33 The delusion consists in building aerial castles without substance in the mind. Though these appear in hundreds and thousands of shapes, they have no substance to them. 34 It deludes the ignorant, like a mirage misleads deer in a desert, but false appearances cannot deceive the knowing man. 35 These appearances, like foaming waters, are as continuous as they are impermanent. They are as fleeting as the driving frost that cannot be held in the hand. 36 This delusion holds the world in its grasp and flies aloft with it in the air. It blinds us like flying dust raised by its furious blasts. 37 Covered with dust and with heat and sweat of its body, it grasps the earth and flies all about the world. The deluded man ever works with persistence and runs everywhere after his greed.

38 As drops of rainwater falling from the clouds form the great rivers and seas, and as scattered straw tied together make a strong rope to bind beasts, so the combination of all the delusive objects in the world makes the great delusion of reality and lust.

39 Poets describe the fluctuations of the world as a series of waves and the world itself as a bed of lotuses, pleasant to sight but floating on an unstable element. But I compare it to the porous stalk of the lotus, full of perforations and openings inside, and to a pool of mud and mire with the filth of our sins.

40 Men think much of their improvement and of many other things on earth, but there is no improvement in this decaying world that is like a tempting cake with a coating of sweets, but full of deadly gall within. 41 It is like a lamp whose flame is lost and fled we know not where. It is visible as a mist, but try to lay hold on it and it proves to be nothing. 42 This earth is a handful of ashes which being flung aloft flies in particles of dust. It is like the upper sky which appears to be blue but has no blueness in it.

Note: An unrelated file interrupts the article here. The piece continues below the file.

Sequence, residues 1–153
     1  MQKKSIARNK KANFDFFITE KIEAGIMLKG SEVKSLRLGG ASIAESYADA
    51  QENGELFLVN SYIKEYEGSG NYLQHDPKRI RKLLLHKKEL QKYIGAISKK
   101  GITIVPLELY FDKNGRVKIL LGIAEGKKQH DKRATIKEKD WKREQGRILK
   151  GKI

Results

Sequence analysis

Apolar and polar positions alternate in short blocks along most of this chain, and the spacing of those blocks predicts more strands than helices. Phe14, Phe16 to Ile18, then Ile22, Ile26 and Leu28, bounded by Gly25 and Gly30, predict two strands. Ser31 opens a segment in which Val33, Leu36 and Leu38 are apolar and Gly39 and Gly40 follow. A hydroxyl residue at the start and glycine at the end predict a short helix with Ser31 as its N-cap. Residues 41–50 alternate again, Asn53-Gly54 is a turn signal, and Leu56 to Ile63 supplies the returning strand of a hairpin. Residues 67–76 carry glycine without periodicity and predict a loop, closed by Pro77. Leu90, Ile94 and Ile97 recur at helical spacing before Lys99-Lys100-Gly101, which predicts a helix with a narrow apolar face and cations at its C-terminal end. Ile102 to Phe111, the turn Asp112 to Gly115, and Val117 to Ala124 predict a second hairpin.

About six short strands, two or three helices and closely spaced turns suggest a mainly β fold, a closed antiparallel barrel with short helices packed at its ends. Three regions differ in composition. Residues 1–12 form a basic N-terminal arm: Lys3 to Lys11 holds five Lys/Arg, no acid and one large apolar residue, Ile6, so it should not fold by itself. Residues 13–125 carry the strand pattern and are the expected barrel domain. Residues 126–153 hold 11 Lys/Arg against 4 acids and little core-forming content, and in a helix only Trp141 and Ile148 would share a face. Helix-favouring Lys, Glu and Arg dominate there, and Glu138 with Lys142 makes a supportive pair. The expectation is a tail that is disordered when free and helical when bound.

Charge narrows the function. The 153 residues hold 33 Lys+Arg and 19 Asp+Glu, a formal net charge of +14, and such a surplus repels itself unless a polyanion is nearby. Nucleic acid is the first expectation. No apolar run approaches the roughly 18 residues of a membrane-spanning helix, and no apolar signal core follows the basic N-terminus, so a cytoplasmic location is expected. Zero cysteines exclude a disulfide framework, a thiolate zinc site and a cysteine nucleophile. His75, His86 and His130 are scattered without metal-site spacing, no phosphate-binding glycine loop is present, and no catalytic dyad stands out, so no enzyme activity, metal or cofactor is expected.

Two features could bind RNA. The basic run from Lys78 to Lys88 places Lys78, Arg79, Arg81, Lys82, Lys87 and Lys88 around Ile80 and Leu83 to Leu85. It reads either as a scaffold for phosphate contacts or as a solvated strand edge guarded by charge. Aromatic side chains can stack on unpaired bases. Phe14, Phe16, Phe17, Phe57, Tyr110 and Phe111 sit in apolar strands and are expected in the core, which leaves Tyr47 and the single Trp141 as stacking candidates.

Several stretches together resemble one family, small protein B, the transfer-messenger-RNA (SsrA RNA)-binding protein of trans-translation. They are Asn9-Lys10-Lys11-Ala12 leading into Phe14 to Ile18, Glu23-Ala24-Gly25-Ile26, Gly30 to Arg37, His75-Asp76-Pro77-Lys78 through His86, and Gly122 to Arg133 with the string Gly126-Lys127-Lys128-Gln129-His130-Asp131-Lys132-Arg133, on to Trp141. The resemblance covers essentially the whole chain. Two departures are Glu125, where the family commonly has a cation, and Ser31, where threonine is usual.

43 This delusion on earth as like the appearance of two moons in the sky, or in the vision of things in a dream, or in the motion of immovable things on the land to the passenger in a boat. 44 Men being long deluded by this error which has tightly laid hold of their minds, imagine a long duration of the world, as they do of the scenes in their dreams. 45 The mind being thus deluded by this error sees the wonderful productions of world to rise and fall within itself like the waves of the sea.

46 Things which are real and good appear otherwise in our error, while those that are unreal and harmful appear real and good to our deluded understandings. 47 Our strong greed, riding on the vehicle of the desired object, chases the fleeting mind as bird-catchers chase flying birds with nets. 48 Delusion, like a mother and wife, often offers us fresh delights with her tender looks and breasts distilling sweet milk. 49 But these delights serve only to poison us, while they seem to cool the worlds with their distillation, just like the crescent orb of the moon injures us with too much of her moistening influence, while it appears to refresh us with her full bright beams.